Dr. Markman released the employee to return to work in May 1993 with restrictions that precluded a return to her assembly job. The employee then returned to work with the employer in the packaging department. The employee testified that about half of her time was spent processing paperwork, either on the computer or by hand, and that she also packed products in the assembly area. In March 1995, the employee consulted with Dr. Markman with complaints of left elbow and left shoulder pain. Dr. Markman found some impingement signs in the shoulder and prescribed a course of physical therapy. The employee saw Dr. Markman in 1996 and 1997 with symptoms of left elbow pain. During this time, she continued to work her regular job with the employer.
In October 2000, the employee received physical therapy at the direction of Dr. Markman for lateral epicondylitis in the left arm. The employee returned to Dr. Markman a year later, in October 2001, complaining of pain in her left elbow with repetitive use of that arm. Dr. Markman noted that the employee=s lateral epicondylitis was unchanged, and no treatment recommendations were made. The employee did not see Dr. Markman again until April 16, 2002, when she sought treatment for pain in her left elbow and left shoulder. Dr. Markman=s assessment was of Arecalcitrant lateral epicondylitis. She probably has some cuff tendinitis from overuse.@ Dr. Markman prescribed six sessions of physical therapy and provided the employee with work restrictions limiting repetitive use of her arms. The employee continued to perform her regular job with the employer.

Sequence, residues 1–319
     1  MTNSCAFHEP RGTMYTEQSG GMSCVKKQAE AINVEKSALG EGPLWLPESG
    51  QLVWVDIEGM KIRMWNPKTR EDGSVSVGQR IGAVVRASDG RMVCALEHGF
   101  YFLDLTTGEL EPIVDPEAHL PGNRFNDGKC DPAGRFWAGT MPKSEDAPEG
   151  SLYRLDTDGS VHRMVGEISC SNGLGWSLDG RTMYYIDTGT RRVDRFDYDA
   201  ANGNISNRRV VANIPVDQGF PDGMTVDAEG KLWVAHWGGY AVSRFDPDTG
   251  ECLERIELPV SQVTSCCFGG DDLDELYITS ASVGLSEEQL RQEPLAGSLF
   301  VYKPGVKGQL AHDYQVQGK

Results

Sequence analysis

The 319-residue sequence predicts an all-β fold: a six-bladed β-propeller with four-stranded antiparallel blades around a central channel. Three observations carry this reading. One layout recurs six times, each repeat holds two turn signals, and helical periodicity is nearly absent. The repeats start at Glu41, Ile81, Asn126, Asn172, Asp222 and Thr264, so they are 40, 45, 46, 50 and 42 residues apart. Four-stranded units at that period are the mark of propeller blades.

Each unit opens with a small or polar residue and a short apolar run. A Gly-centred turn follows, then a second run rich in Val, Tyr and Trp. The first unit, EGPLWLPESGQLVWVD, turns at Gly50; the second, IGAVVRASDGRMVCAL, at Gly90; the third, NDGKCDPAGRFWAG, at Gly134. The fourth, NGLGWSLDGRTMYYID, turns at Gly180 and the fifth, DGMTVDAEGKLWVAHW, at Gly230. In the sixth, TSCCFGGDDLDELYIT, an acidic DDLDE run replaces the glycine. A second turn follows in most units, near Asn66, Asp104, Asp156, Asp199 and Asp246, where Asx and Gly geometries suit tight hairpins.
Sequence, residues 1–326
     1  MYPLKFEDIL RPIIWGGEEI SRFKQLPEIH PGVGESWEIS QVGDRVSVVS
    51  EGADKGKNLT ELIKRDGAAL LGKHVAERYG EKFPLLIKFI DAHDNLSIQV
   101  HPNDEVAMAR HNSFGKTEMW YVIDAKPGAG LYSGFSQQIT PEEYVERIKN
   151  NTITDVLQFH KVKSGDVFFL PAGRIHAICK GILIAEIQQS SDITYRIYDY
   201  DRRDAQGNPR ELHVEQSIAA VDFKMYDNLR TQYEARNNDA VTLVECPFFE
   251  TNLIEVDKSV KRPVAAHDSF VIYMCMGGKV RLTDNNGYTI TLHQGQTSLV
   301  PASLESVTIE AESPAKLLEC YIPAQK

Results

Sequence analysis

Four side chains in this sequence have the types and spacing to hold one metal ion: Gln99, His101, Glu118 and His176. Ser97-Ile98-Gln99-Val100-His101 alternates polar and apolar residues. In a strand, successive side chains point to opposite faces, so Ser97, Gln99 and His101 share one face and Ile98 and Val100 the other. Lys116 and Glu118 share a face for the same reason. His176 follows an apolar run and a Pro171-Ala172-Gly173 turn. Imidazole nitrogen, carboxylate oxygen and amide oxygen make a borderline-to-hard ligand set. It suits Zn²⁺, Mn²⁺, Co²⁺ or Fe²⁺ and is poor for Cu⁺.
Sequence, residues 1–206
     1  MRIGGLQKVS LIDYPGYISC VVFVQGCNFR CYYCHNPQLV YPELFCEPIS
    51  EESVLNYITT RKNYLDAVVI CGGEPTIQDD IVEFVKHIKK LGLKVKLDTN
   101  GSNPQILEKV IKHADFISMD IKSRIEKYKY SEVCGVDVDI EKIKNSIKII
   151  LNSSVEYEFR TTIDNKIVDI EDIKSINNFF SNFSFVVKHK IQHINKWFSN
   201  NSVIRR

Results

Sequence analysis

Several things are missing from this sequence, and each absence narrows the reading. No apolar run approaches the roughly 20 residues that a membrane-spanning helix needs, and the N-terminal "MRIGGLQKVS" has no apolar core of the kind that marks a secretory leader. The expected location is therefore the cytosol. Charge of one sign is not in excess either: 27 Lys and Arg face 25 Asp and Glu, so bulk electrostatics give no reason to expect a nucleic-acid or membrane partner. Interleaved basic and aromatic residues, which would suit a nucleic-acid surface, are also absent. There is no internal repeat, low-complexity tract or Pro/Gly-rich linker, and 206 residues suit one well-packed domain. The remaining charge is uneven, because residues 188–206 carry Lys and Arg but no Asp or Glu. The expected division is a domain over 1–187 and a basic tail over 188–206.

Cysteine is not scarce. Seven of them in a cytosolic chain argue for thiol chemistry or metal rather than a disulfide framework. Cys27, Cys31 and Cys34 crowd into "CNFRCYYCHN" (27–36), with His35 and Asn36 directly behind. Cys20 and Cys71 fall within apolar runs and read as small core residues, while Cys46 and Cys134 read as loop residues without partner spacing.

Sometime at the end of 2001, the employee began hearing at work that the employer was planning to close its assembly and warehouse operations and would lay off the employees who worked in those areas. The employee subsequently learned that employees who were laid off would receive severance pay of $200 for every year of service. The employee, who had worked for the company for 23 years, was eligible for severance pay of $4,600.